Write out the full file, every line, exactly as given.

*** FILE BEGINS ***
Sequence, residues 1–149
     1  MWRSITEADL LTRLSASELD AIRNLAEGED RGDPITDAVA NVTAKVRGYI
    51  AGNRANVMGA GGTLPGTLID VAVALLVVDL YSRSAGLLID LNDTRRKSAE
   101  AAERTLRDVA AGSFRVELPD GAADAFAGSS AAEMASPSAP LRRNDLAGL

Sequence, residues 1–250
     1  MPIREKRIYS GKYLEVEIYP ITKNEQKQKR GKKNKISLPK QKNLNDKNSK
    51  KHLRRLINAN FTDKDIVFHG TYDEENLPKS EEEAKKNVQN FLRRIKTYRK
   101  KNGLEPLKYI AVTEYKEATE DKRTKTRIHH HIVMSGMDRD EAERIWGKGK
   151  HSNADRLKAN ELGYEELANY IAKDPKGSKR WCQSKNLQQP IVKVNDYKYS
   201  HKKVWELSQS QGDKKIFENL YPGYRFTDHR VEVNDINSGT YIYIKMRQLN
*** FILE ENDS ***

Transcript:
Sequence, residues 1–149
     1  MWRSITEADL LTRLSASELD AIRNLAEGED RGDPITDAVA NVTAKVRGYI
    51  AGNRANVMGA GGTLPGTLID VAVALLVVDL YSRSAGLLID LNDTRRKSAE
   101  AAERTLRDVA AGSFRVELPD GAADAFAGSS AAEMASPSAP LRRNDLAGL

Sequence, residues 1–250
     1  MPIREKRIYS GKYLEVEIYP ITKNEQKQKR GKKNKISLPK QKNLNDKNSK
    51  KHLRRLINAN FTDKDIVFHG TYDEENLPKS EEEAKKNVQN FLRRIKTYRK
   101  KNGLEPLKYI AVTEYKEATE DKRTKTRIHH HIVMSGMDRD EAERIWGKGK
   151  HSNADRLKAN ELGYEELANY IAKDPKGSKR WCQSKNLQQP IVKVNDYKYS
   201  HKKVWELSQS QGDKKIFENL YPGYRFTDHR VEVNDINSGT YIYIKMRQLN